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Class participates in ConvergeUs

Aubrey Butts | Thursday, October 13, 2011

Students in the Fundamentals of Business Thinking class participated in the inaugural ConvergeUs forum this week, a unique conference uniting members of the technology and service sectors.

Students who participated in the forum used lessons from the classroom to understand and consider solutions for the prominent social concerns identified by the conference.

Senior John McCabe said he was excited to participate in ConvergeUS.

“It’s neat to be forward-thinking and look for substantive change rather than being stuck just reading a textbook,” he said. “This is the only class where I have ever had so much outside classroom experience, and Professor Sucec [the Fundamentals of Business Thinking instructor] really tries to provide us with these learning opportunities.”

Sucec said he was also excited about his class’s involvement with the conference.

“Students have the opportunity to be involved in a project which comingles relevant business issues with critical social concerns,” Sucec said. “In addition, they have the opportunity to come into contact with educators and successful entrepreneurs … (and) see how they attempt to deal with very prominent issues in the marketplace.”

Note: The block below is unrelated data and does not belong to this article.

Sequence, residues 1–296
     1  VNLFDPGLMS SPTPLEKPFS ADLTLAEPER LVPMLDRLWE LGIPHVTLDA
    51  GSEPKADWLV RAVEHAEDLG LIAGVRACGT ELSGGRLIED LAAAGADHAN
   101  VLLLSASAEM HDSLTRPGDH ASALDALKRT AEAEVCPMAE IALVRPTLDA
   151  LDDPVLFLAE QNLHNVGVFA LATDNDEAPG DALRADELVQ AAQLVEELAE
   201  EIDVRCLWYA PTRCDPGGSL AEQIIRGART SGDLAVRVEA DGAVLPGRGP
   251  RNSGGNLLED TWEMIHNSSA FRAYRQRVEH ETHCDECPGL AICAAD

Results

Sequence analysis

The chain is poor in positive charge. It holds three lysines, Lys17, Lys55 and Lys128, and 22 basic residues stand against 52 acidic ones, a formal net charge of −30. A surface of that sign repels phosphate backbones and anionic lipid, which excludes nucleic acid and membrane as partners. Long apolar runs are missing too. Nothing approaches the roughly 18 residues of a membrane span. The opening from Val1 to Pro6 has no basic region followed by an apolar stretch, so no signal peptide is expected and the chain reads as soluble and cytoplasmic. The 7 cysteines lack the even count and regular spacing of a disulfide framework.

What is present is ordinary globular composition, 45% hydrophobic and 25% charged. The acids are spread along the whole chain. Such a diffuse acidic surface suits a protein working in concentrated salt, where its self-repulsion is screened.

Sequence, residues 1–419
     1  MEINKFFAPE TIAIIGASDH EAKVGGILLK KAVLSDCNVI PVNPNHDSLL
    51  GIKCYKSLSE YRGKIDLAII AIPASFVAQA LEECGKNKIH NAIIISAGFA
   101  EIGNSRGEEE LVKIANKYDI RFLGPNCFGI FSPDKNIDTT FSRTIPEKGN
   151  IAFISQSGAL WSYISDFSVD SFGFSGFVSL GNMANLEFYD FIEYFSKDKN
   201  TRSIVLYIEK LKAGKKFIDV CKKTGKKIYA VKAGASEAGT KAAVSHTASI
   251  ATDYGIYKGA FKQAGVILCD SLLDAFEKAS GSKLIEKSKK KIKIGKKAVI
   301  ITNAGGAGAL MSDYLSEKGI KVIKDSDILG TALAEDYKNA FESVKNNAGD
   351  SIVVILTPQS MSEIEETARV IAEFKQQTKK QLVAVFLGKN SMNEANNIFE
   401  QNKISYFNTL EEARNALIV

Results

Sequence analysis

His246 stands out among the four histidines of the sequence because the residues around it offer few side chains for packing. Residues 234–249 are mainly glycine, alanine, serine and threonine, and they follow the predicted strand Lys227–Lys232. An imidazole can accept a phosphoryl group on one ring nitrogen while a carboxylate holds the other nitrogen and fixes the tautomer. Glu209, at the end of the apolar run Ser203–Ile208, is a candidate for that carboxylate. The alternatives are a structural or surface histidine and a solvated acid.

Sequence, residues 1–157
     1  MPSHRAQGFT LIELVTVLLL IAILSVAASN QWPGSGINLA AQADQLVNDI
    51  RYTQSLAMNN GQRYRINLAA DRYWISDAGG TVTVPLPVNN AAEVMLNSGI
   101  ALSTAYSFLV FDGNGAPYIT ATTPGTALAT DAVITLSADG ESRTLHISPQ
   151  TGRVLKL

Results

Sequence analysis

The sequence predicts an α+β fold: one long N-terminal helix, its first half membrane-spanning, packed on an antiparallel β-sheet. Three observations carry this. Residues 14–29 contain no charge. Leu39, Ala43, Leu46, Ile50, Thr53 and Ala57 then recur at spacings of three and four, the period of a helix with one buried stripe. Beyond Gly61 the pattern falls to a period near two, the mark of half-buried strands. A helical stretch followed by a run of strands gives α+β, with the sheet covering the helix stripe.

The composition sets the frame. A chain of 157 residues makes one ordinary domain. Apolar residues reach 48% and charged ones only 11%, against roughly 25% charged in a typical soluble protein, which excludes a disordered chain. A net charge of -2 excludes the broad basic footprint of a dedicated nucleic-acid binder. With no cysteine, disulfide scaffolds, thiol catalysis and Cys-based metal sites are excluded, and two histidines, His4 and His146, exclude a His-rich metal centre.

Senior Patrick Kelly said he enjoyed learning about new technology through the forum.

“It’s a really good opportunity for us to understand social innovation and the leading technology within social innovation,” Kelly said. “There is a lot of new technology, which is really exciting. It’s a very unique opportunity to view a relatively new initiative.”

McCabe and Kelly, who are working together on a project for the class, have chosen to address the youth reading initiative.

“Learning should be enjoyable and fun, not something to be afraid of, and I believe the prevalence of technology in the classrooms will help bring back this enjoyment,” McCabe said.

McCabe also said he embraced the approach of ConvergeUS toward solving social issues.

“ConvergeUS is committed to a blueprint, which is different than a lot of nonprofits who have a vision but not necessarily a means to get them to fruition,” he said.

Kelly said the blueprint method would be important for the pair’s class project.

“Our goal is to provide a blueprint with a creative approach, which would ideally lead to a significant and feasible solution to implement and address some of the social problems surrounding the deficit in America’s youth reading programs,” Kelly said.

Professor Charles Crowell, director of the CAPP program, said he views the class’s involvement with ConvergeUS both as an important opportunity for students in the class and the University’s social concerns in general.

“It gives the class the opportunity to partner, right now in a very limited sense but hopefully in a larger sense eventually, with a company geared toward solving social issues,” he said. “It’s a very important partnership and another opportunity for ND students to apply their time, talent and energy to important social issues.”

The partnership between ConvergeUS and Notre Dame naturally developed from their shared social concerns, Crowell said.

“If there ever was a University tailor-made to address these issues, it is Notre Dam